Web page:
- Digital currency is backed by the UAE central banks and will facilitate easier cross-border payments
- It will not replace fiat currency but will be a tool for inter-bank payments
- Motivation for the project is the recent developments in the fintech industry
A digital currency for the United Arab Emirates backed by the Saudi Arabia central Bank has entered the design stage. The joint project is being pursued to facilitate easier cross-border payments with several banks.
Middle East to Go Digital
The Saudi Arabia Monetary Authority (SAMA) Head of innovation Mohsen Al Zahrani told the Saudi Press Agency on Tuesday, November 20, 2018, the project is nearing completion and could be ready by the middle of 2019.
Al Zahrani, who was speaking on the sidelines of the Blockchain Future Applications Conference on Tuesday, said SAMA was studying the feasibility of the cryptocurrency being rolled out among all banks.
The announcement by Al Zahrani corroborates a similar one by Mubarak Al-Mansouri, governor of UAE’s Central Bank who confirmed to the local Agraam news outlet on Monday, November 19, 2018, the joint digital currency project had entered design phase. The date of the launch, according to him, will be determined “according to the Saudi part and the current study.” He further said the digital currency would be used in all payments and added:
“The digital currency will not replace a certain bill, but it will be a new payment tool used by banks not individuals.”
The UAE Central Bank undertook a joint project with Saudi Arabia Monetary Authority (SAMA) in December 2018 to use the power of blockchain technology to create a digital currency that would help facilitate cross-border payments between both countries. Commenting about the project on December 13, 2017, during a high-level meeting for the Arab region on Global Banking Standards and regulatory and Supervisory Priorities, UAE’s Central Bank Governor said:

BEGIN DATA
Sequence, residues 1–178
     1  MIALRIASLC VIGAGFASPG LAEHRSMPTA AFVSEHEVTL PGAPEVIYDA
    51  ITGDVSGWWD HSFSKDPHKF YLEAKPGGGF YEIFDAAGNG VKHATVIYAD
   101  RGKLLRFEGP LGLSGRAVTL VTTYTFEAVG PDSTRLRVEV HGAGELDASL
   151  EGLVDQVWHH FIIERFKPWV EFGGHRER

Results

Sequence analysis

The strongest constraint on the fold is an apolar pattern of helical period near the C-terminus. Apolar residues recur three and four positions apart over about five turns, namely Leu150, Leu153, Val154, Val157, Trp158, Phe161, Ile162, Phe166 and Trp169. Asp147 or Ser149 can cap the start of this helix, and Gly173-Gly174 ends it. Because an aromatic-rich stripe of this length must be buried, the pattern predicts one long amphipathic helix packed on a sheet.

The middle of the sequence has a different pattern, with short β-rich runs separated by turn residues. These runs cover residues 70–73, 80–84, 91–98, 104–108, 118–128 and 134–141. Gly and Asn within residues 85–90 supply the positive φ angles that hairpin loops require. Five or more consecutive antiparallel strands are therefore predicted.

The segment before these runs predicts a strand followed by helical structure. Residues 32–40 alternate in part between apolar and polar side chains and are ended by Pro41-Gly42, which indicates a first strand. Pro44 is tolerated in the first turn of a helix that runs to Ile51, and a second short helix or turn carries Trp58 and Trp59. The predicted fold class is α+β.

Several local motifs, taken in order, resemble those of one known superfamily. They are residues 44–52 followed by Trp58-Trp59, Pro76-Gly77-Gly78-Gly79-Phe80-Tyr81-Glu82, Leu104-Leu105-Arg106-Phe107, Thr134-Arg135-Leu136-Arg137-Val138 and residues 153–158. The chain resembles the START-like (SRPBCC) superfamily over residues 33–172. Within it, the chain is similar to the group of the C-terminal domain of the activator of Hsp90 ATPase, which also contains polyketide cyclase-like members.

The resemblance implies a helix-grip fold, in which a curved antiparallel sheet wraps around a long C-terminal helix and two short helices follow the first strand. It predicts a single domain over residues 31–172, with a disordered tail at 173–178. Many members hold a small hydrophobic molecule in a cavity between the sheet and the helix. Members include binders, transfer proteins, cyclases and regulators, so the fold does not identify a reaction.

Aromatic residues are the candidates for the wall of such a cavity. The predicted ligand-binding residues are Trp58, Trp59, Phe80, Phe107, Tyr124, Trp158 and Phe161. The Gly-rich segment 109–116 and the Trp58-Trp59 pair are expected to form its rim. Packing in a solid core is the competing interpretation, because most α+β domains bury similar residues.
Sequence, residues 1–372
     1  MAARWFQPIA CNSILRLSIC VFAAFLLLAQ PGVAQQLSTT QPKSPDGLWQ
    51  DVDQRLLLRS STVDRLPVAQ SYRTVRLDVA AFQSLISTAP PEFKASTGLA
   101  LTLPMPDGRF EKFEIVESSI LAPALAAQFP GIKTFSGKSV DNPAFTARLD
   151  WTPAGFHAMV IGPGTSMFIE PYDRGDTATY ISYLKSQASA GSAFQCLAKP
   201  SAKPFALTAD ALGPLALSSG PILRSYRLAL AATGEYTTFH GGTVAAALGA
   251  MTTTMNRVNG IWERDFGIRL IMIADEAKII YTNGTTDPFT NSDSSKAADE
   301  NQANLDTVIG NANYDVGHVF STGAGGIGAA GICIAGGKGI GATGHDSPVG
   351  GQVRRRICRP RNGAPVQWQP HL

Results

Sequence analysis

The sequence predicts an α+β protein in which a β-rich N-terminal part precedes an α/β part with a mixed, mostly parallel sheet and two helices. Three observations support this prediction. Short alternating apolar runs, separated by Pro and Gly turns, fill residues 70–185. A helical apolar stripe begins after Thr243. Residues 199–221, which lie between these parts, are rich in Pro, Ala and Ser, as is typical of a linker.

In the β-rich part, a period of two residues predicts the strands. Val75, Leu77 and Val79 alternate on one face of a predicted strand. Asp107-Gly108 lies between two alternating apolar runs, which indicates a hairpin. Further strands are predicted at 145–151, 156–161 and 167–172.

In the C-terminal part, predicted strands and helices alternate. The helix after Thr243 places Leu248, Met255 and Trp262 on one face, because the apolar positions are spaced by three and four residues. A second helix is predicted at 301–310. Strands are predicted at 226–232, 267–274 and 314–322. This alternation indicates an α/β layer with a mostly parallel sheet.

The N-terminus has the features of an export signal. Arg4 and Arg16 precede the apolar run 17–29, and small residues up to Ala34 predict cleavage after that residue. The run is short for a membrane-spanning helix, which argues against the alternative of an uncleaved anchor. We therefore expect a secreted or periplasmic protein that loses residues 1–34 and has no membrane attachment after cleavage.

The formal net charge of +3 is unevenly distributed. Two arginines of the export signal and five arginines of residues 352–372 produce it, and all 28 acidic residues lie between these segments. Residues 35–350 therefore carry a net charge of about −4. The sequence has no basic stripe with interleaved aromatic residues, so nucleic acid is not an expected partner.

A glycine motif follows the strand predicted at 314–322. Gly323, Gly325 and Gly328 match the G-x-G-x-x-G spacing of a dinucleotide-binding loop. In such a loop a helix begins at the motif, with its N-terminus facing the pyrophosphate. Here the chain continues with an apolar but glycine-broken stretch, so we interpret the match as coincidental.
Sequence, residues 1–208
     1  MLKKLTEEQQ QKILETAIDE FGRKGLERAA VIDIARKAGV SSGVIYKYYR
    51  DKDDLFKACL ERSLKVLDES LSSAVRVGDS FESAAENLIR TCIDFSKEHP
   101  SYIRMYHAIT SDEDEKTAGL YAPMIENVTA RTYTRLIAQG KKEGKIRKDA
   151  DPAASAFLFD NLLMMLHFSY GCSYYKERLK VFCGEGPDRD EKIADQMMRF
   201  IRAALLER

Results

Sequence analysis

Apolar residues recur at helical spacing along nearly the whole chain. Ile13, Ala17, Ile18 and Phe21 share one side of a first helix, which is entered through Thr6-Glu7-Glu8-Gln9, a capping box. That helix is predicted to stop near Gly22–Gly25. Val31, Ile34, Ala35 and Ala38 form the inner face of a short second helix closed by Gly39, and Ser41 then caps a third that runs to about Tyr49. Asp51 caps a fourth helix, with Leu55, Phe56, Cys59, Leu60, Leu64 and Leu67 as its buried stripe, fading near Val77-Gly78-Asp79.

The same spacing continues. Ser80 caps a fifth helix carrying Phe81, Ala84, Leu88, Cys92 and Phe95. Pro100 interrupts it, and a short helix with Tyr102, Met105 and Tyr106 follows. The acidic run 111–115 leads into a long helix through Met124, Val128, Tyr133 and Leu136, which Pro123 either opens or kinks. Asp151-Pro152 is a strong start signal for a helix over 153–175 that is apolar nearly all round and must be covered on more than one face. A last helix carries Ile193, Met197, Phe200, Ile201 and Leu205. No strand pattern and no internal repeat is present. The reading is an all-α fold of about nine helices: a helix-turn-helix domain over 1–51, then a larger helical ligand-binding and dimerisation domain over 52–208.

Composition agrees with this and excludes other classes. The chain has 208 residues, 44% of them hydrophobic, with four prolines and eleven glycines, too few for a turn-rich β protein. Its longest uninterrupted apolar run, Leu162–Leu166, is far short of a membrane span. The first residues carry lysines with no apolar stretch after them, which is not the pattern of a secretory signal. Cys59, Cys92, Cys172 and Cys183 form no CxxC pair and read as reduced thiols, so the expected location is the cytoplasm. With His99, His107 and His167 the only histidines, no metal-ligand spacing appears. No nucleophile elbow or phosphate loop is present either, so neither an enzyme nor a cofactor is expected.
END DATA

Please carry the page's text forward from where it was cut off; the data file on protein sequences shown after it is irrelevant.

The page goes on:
“CBUAE and SAMA intend to execute a joint crypto-currency and Distributed Ledger Proof-of-Concept (PoC). The PoC’s design mainly focuses on the transfer of ownership of a central bank asset (crypto-currency) among participants.”
Before the announcement, the UAE Central Bank did not recognize digital currencies like Bitcoin because of their speculative nature and the risks associated with cryptocurrency investment while Saudi Arabia Authority has warned citizens against trading in Bitcoin since it was not within the bank’s regulatory reach.
According to Al Mansouri, the motivation for the project was the recent developments in the Fintech industry, which he said presented both challenges and opportunities for the industry and that it was the responsibility of participants and regulators to understand the attendant risks and look for ways to monitor and mitigate them.
UAE at the Forefront of Crypto Developments
UAE has made the news in the recent past by creating several crypto-related payment platforms besides creating a special legal framework for the blockchain technology. The country also announced earlier this month it was getting its first cryptocurrency exchange.